On 16 September 2016, the Huffington Post published an article reporting that Republican vice presidential nominee Mike Pence objected to being referred to as a vice presidential candidate for religious reasons:
Mike Pence, GOP presidential candidate Donald Trump’s running mate, told the news media at a press conference that he no longer wants to be called a vice presidential candidate.
The Indiana governor, an evangelical Christian, explained that he opposes the word “vice” on religious grounds. Pence said that the Bible has strict prohibitions against vice. He said the word “vice” means, among other things, “immoral” or “wicked behavior.”
“That’s not who I am, and that’s not who I want people to think I am,” he said. “I can’t in good faith willingly condone a word I find deplorable without violating my Christian principles.”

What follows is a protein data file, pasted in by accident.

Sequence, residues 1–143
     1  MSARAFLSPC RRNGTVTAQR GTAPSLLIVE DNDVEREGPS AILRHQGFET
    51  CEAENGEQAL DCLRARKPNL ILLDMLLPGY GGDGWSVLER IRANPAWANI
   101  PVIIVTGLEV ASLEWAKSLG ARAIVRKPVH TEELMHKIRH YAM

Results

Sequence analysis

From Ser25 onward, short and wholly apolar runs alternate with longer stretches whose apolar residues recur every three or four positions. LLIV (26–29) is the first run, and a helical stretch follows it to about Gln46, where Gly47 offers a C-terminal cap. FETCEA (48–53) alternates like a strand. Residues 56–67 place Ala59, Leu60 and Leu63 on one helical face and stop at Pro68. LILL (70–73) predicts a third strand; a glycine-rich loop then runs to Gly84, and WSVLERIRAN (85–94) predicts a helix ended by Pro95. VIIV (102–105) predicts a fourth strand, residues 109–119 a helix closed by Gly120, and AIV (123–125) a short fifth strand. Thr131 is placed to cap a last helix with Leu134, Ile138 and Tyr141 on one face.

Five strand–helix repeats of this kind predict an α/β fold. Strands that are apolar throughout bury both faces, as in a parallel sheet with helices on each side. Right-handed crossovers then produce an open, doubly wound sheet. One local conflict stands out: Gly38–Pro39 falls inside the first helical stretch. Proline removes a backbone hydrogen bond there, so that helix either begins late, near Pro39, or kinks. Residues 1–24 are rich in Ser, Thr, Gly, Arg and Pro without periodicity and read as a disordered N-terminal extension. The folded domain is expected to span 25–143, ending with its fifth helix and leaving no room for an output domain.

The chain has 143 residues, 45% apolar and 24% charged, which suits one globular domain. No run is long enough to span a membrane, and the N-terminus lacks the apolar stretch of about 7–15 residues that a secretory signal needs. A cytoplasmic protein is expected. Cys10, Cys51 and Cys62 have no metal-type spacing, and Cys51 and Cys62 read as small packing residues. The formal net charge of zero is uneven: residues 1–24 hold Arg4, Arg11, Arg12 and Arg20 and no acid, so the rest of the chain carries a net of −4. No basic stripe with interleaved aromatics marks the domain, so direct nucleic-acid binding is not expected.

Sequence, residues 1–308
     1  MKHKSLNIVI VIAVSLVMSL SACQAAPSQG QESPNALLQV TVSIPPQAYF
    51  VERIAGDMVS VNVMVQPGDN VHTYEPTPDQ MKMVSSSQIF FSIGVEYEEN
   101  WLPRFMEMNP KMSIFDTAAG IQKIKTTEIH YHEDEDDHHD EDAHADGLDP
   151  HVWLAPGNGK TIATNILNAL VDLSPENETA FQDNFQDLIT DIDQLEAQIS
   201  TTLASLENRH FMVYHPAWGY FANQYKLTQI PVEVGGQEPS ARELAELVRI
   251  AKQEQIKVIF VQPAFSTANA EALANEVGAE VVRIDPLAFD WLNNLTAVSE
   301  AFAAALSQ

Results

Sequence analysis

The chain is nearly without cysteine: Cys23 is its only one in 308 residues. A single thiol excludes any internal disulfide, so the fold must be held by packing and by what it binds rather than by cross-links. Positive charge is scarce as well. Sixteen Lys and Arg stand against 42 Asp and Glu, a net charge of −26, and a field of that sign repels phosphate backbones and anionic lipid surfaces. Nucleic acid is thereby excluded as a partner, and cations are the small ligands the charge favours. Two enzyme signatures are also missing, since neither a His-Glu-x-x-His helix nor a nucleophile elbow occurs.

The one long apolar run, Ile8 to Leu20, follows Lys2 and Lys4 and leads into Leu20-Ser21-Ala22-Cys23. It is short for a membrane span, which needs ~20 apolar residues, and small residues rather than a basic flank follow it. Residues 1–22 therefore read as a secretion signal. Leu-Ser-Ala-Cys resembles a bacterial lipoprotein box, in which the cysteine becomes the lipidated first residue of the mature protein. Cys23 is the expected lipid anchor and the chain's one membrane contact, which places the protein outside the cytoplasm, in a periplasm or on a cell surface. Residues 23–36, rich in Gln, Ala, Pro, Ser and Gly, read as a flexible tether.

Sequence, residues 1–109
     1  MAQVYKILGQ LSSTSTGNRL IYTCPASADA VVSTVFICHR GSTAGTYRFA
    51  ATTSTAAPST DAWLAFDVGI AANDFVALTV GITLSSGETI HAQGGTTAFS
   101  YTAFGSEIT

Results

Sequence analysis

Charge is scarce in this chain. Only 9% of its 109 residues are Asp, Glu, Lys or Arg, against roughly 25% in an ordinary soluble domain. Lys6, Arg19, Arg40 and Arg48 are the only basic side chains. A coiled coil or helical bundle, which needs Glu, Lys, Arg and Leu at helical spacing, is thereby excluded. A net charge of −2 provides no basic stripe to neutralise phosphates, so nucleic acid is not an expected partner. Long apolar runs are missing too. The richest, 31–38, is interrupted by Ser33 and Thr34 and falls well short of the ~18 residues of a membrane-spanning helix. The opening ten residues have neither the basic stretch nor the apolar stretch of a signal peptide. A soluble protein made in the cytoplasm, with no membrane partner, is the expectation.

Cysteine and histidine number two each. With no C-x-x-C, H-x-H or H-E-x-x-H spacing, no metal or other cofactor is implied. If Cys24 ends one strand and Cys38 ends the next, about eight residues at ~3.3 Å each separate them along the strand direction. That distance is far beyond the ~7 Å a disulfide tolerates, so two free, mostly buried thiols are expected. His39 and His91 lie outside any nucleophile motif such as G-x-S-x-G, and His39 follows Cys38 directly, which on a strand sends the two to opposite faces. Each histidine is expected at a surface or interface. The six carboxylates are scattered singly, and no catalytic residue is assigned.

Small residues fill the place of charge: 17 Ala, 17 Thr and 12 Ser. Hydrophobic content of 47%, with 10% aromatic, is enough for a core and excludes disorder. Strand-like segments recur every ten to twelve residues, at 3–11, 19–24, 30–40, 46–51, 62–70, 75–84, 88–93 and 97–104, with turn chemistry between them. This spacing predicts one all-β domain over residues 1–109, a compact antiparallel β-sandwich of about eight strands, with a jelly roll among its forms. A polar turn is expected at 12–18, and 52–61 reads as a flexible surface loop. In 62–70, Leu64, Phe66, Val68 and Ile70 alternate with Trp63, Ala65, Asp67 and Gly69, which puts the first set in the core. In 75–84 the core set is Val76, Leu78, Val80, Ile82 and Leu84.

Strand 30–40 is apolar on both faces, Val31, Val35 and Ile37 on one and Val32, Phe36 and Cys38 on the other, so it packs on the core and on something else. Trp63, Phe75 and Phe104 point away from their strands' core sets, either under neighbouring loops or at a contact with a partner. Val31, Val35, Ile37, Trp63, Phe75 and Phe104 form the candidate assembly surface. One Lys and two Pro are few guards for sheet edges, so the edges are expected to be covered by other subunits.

None of this was true, however. While the Huffington Post is better known for publishing news and feature articles, the site also occasionally runs some satirical content. This item was one example of the latter: it was posted to the site's "Entertainment" section and was tagged "satire" at the bottom.
Despite the tag identifying the article as satire, many readers shared the story as if it were real news. Author Christopher Lamb eventually added another disclaimer specifically describing the piece as satire:
I’ve had a number of readers ask me if my post, “Mike Pence Opposes Vice on Religious Grounds,” is “satire” or “unfortunate reality.” I’m afraid it’s both. The piece is intended as satire. The fact that so many people have taken it seriously reflects the utter nonsense of the 2016 Presidential Election, and in particular, the GOP candidates. When the story of this campaign is finally recorded, the most accurate depictions of it will come not from reporters but from satirists and editorial cartoonists.Thank you all for your comments.